Huge demand for quality training

With people “clamouring” to get scaffolding tickets, there is huge demand on SARNZ and industry training providers to provide appropriate training and qualifications.

“With the increasing need for skilled, trained scaffolders and riggers, the industry needs to develop its training programmes to ensure standards continue to improve and evolve,” says SARNZ chief executive Graham Burke.

This is particularly critical from a safety perspective as just about every task, from loading a truck to operating a forklift, getting to site and especially working at height to erect and dismantle the scaffold has an element of risk.

“Safety and training is something we guard jealously, and we’re not about to let those standards slip.”

One of Graham’s main tasks as the association’s new chief executive is to look at the industry’s current training model and how it might need to be adapted.

“We are looking at the range of training available in the marketplace and deciding which models best meet the needs of the industry moving forward. We have been well served by our training providers to date and it is critical the high quality of scaffolders and riggers being produced continues. Good training programs also help us to attract smart, motivated people to the industry. ”

Lifting training capacity is another key consideration but is highly challenging given the small size of the industry.

“Scaffolding and rigging is a fraction of the size of other trades, yet training providers require considerable infrastructure and equipment to deliver courses. It is one of the challenges we are working through with ITO (Skills) and training providers associated with the industry, as we look at a range of options moving forward.”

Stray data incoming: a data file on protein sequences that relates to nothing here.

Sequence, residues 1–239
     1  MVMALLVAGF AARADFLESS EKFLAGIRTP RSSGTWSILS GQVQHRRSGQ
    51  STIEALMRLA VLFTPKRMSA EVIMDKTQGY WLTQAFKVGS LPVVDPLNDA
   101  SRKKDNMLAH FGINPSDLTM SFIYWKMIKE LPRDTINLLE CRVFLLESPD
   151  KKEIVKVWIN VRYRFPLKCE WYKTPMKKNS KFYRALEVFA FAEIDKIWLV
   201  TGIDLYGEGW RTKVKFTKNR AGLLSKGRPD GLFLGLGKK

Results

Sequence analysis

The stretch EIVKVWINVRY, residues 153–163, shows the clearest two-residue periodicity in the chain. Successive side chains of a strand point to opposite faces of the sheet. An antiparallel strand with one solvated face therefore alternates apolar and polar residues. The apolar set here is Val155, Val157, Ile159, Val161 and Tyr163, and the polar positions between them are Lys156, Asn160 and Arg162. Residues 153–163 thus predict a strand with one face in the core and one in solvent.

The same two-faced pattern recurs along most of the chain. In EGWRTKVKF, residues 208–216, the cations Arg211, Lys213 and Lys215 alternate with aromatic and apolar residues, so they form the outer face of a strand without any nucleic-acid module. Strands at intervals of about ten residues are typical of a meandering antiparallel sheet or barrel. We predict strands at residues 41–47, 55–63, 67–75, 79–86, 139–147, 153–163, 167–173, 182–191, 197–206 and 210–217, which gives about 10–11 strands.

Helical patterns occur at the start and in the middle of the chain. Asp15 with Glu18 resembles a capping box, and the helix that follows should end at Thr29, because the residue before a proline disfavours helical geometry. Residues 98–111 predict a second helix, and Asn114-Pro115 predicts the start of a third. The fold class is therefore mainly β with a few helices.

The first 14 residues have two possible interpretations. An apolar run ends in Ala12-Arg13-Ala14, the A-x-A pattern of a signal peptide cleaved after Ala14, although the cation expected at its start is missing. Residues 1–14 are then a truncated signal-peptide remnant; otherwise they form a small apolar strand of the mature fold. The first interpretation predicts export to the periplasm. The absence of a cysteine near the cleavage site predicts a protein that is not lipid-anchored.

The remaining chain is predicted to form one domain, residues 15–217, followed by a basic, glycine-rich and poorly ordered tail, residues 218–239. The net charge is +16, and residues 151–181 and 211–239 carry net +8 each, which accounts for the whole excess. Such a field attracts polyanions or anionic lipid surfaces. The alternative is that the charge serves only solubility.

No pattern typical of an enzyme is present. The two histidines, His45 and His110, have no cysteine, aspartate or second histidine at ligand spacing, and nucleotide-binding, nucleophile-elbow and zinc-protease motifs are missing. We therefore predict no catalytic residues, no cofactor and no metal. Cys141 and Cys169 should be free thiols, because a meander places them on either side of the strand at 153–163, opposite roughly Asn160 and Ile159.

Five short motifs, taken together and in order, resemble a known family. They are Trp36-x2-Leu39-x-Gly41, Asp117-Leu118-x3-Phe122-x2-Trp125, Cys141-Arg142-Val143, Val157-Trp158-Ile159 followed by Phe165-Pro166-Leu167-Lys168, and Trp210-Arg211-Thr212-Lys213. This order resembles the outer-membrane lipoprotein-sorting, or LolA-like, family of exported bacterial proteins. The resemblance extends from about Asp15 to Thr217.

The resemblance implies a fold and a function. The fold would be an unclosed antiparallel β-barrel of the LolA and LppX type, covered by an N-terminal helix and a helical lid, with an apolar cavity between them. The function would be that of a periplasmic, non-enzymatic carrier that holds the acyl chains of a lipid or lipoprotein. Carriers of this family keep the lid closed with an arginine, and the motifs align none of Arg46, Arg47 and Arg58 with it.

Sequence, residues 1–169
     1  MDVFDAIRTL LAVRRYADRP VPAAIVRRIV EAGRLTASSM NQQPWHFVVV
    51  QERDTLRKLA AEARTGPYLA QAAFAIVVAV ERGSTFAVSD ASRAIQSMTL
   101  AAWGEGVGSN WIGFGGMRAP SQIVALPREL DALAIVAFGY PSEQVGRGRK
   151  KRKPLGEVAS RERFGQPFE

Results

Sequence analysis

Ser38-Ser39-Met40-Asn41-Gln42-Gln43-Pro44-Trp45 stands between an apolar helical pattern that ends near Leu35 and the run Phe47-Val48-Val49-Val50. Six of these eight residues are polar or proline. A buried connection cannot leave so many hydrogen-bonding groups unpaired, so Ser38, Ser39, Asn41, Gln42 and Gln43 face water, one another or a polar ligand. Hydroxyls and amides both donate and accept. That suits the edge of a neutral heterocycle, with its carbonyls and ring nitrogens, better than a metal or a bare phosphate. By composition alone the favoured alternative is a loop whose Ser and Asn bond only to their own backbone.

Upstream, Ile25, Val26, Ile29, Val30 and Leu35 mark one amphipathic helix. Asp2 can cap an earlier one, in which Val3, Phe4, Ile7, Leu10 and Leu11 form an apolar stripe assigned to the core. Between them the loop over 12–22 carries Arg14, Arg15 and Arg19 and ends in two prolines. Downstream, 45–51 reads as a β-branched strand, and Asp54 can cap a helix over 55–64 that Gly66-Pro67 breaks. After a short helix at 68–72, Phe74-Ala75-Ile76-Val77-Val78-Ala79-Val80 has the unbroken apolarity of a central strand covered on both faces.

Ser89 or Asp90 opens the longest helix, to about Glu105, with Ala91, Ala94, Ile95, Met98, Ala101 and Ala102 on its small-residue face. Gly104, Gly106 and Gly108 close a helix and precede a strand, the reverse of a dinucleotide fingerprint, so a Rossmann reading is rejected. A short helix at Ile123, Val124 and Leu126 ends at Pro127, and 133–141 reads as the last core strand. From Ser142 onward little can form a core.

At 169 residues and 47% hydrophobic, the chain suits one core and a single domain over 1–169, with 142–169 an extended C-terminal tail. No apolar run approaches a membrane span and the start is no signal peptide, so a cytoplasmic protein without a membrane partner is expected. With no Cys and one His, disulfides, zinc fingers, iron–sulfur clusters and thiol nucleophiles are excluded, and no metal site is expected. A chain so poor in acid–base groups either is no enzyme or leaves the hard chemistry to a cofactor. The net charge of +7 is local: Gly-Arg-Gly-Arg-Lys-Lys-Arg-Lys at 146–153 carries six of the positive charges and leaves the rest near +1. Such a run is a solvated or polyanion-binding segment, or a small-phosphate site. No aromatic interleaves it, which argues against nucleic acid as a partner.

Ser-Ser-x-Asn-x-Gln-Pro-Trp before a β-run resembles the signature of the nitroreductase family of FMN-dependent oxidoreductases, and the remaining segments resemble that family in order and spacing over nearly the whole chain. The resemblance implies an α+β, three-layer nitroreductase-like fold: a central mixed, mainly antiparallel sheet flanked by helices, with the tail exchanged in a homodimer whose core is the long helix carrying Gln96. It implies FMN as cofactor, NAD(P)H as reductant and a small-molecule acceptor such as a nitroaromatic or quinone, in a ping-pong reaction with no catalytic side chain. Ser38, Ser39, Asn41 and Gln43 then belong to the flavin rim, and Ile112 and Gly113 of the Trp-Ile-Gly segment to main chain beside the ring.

Learning the ropes. Scaffolding students at TPP

Learning the ropes. Scaffolding students at TPP

Some slight changes have recently been made to the current qualification, and Graham expects there could eventually be a small range of different training options, allowing people to choose the one that best meets their needs.

He says it takes up to two years for a person to have the necessary training and experience to work at the level of a competent elementary scaffolder.

“We would never undermine this fact by following a model similar to Australia where people go to polytech for a week and come out with a scaffold ticket. We are very aware of providing a safe working environment for our people.”

The rigging qualifications have also been reviewed and SARNZ is working to increase training capacity in this area as well.

“Riggers are currently unregulated so it is not compulsory for them to have a qualification despite it being a high risk industry. With the new health and safety legislation we believe it is likely to become compulsory to have a Certificate of Competence when the next tranche of regulations are launched next year. We are working with industry to resolve the issues around that, so we have the training capacity and quality framework ready to meet demand.”

Graham says there may be recognition of prior learning for existing riggers. However some may have to undertake extra training depending on their skills and experience to qualify.if compulsory qualifications are introduced.

SARNZ is working hard to encourage young people to enter the industry, he says.

“We will continue working with schools and training providers to get young people into scaffold companies for a taste of the industry, and hopefully continue into training. In the past we have had a high turnover of young people in the initial period after they join the industry, as many are put off after working for months as labourers in what is a tough, physical environment, before doing any formal training.”

By encouraging young recruits to attend courses covering safety, understanding the scaffolding process and what their future job will look like, manual handling, and how to tie knots, they build up some core skills, and basic qualifications that also make them a more useful employee.

“The idea is that if we give young people a taste while they are in their last year at secondary school or on a trade course, it should help to cut down some of this turnover and encourage employers to get them into formal training earlier.”

A more structured approach also gives young people an “easier and clearer” career path, showing them how they can work their way up, quite literally in the scaffolding industry.

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